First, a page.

The Home Run.
It’s the ultimate achievement in what is widely considered the toughest thing to do in all of sports. Not too long ago, there was even a marketing campaign from Nike with a “Chicks Dig the Longball” theme, a phrase that is often spoken amongst baseball players still to this day. Anyone who has ever stepped foot in a batter’s box (or a boardwalk batting cage for that matter) can appreciate the challenges that lie with hitting a round ball with a round bat square, and knows how truly difficult it is to consistently make solid contact.
George Brett had one of the greatest sayings when it came to hitting for power. He said, “Don’t try to hit the ball far. Try to hit it hard, and it will go far.” A simple statement that makes unbelievable sense. When people talk about hitting for power, the first thing most think of is the home run. While that may be power to one player, to another it may mean going from a singles hitter to one who can drive the ball in the gaps for doubles and triples.
In an age of expensive, and quite useless gimmicks that frequently offer unrealistic promises and results to players, we present to you the penny bat- an inexpensive and quite useFULL training tool for hitters that costs no more than $1.00 (that isn’t actually paid to anyone). It may very well be one of the best investments hitters can make for their future success.
Weight training has evolved into a highly beneficially part of becoming a complete athlete in all sports, when done correctly with a program that is designed specific to becoming better in a particular sport. Dealing specifically in baseball, the best conditioning programs out there are the ones that result in improved baseball-skill. Essentially, the penny bat is weight-training of the baseball swing, working the exact muscles used to get the bat around. Over time, with proper use, those muscles are forced to strengthen, and when a normal-weighted bat is back in the hitter’s hands, he should enjoy a stronger swing with more bat speed. Increased bat speed equals increased power.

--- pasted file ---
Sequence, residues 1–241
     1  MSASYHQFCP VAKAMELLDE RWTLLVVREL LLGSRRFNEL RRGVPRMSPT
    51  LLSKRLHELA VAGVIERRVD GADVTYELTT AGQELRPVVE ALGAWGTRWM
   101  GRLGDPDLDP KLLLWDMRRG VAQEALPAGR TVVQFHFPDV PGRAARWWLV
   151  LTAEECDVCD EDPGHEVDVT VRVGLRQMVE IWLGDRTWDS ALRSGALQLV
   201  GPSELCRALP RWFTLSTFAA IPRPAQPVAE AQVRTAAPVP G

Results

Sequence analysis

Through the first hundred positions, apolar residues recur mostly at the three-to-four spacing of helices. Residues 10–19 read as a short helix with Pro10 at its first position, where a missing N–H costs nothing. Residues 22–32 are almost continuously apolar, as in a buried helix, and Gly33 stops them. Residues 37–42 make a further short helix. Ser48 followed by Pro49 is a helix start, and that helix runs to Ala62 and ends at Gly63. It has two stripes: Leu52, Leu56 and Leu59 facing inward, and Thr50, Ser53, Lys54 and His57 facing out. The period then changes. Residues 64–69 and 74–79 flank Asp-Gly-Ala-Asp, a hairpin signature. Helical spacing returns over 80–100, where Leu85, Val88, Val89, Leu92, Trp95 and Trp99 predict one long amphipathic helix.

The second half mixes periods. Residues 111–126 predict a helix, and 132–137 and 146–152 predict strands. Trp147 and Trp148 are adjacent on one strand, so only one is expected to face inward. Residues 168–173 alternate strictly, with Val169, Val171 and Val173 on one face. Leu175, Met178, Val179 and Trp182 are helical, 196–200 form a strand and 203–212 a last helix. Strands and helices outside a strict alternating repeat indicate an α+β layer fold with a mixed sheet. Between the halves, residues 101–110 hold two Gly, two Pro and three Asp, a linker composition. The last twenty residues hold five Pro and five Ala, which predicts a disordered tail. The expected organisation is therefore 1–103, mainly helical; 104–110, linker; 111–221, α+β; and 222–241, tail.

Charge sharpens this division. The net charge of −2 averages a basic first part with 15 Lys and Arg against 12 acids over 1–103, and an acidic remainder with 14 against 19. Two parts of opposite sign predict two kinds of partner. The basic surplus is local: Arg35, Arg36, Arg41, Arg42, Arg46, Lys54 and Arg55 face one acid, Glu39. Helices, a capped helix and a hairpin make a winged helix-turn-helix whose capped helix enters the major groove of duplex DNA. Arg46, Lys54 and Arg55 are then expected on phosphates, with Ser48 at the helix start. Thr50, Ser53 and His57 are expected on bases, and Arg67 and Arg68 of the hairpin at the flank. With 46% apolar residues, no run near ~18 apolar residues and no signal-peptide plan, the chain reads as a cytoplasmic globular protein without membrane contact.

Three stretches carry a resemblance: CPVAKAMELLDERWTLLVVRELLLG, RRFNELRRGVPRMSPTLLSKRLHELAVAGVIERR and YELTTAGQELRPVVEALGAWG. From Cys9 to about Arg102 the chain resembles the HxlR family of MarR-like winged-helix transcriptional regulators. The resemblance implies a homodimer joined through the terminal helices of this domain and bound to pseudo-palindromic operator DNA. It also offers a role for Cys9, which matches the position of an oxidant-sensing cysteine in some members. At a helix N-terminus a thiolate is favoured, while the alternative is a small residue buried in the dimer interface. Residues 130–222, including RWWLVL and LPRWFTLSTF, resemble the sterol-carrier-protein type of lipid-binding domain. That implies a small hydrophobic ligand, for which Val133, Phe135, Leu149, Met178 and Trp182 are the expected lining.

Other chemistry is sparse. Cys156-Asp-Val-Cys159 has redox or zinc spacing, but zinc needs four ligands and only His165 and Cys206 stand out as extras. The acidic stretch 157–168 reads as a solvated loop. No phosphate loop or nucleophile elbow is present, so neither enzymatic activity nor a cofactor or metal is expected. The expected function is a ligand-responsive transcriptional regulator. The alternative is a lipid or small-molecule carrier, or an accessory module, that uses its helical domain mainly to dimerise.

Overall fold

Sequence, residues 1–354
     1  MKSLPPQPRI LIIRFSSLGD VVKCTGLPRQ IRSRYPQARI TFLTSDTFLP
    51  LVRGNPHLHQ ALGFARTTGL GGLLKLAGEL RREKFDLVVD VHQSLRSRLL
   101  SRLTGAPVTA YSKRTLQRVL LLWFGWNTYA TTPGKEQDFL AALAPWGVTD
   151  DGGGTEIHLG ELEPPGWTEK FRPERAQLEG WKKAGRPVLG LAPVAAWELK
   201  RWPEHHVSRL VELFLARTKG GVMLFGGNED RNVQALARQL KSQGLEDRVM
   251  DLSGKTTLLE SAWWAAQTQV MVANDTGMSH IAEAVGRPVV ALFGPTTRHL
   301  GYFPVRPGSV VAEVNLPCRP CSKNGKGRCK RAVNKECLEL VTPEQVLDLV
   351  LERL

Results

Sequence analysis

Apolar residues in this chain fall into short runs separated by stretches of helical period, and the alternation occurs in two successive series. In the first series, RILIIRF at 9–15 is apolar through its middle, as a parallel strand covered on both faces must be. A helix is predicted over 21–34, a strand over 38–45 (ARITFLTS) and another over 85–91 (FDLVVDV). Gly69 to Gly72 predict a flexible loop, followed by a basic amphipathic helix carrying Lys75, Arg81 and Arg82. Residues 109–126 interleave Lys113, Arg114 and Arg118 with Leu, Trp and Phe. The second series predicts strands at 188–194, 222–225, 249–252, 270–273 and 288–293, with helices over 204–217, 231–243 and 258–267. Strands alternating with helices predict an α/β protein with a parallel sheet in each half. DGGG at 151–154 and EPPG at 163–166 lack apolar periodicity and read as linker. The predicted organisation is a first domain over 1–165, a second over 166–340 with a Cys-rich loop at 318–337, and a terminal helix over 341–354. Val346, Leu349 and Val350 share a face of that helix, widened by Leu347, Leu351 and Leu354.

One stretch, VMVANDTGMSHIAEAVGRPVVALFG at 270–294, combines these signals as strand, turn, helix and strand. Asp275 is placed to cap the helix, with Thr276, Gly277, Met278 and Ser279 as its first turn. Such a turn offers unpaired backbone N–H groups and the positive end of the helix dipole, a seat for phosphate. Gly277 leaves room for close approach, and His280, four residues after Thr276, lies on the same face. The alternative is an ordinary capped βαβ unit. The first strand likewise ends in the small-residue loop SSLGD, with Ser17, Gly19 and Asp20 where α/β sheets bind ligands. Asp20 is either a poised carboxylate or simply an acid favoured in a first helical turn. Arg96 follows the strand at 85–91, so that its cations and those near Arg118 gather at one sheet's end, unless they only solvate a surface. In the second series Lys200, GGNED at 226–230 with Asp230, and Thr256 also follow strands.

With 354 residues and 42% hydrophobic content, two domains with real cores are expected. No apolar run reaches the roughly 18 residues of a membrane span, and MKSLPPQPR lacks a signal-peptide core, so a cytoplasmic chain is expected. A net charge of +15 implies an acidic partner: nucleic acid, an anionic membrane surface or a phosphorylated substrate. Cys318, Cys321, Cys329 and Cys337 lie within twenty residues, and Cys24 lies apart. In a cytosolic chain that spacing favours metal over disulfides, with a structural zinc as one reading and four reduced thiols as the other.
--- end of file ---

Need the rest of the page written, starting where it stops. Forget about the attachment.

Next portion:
In addition to the strength gains that the penny bat will offer, just swinging it alone will help use the entire body, getting the much needed lower half involved in the swing as well. The added weight of the pennies should prevent the hitter from swinging it with just all arms and rotation.
Here’s the easy how-to make one:
1) Take an old bat that is no longer used in games (preferably wood, but metal will also do), and tape the barrel with the sticky side of athletic tape sticking up.
2) Begin adhering pennies across the barrel as if you were tiling a floor. With the sticky side of the tape up, the pennies will have no problem staying on. Older/stronger players can add more pennies, younger/weaker players can use less. One hundred adds a significant amount of weight to the bat, so continually get a feel for the bat as the pennies are being added, and stop when you think the bat is heavy enough.
3) Tape over the barrel covered with pennies, this time with the stick-side down, and that’s it- you’re done!
Once completed, the penny bat can be used in a variety of ways. We suggest using it mostly in the batting cage, during tee-work , side toss, or front toss. Controlled settings as those noted above are best because the focus is on getting the barrel to the still or slow moving ball, as opposed to regular BP with an increased velocity of the pitch. Developing a routine that begins with the penny bat and moves to a game bat is optimal, and will enable the hitter to feel the results immediately. Ideally, the goal is to use the entire body the same exact way when swinging with the regular-weight bat as it was used to get the penny bat around. Additionally, it’s a great bat to warm up with prior to batting practice, or in the on-deck circle during games.
Pennies for your thoughts??